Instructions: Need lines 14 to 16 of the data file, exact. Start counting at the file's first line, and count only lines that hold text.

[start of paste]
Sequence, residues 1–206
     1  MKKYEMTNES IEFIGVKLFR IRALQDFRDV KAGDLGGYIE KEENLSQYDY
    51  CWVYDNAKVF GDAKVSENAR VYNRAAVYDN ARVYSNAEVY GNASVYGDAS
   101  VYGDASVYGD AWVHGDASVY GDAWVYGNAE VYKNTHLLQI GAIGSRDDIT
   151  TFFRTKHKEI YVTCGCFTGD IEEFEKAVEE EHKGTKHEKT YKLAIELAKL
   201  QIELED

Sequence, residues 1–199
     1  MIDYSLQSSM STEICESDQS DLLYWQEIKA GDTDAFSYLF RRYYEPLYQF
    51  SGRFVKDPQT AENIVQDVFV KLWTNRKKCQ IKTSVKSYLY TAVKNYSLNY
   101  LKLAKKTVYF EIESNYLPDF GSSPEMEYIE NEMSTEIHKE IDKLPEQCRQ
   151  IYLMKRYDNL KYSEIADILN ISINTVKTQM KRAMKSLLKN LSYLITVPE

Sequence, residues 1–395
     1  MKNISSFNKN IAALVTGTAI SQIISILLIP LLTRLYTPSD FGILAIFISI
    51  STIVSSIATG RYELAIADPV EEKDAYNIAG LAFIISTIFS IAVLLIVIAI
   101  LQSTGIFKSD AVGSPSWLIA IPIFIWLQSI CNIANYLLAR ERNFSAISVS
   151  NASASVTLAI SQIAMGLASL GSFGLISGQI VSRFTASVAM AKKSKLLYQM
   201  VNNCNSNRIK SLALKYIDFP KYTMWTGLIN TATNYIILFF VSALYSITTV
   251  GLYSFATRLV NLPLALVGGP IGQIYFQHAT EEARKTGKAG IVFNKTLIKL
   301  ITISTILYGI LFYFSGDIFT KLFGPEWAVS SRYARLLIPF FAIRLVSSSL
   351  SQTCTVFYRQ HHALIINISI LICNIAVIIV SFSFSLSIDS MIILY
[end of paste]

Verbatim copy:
    51  STIVSSIATG RYELAIADPV EEKDAYNIAG LAFIISTIFS IAVLLIVIAI
   101  LQSTGIFKSD AVGSPSWLIA IPIFIWLQSI CNIANYLLAR ERNFSAISVS
   151  NASASVTLAI SQIAMGLASL GSFGLISGQI VSRFTASVAM AKKSKLLYQM